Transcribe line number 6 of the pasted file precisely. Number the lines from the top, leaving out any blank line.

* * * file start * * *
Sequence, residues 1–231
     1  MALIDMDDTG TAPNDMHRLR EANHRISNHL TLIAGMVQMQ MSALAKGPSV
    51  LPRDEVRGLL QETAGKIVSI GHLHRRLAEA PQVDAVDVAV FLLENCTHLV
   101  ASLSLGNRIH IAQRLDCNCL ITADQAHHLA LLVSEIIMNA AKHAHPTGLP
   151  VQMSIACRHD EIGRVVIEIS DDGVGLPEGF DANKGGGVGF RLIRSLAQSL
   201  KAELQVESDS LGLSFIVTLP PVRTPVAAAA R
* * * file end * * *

   201  KAELQVESDS LGLSFIVTLP PVRTPVAAAA R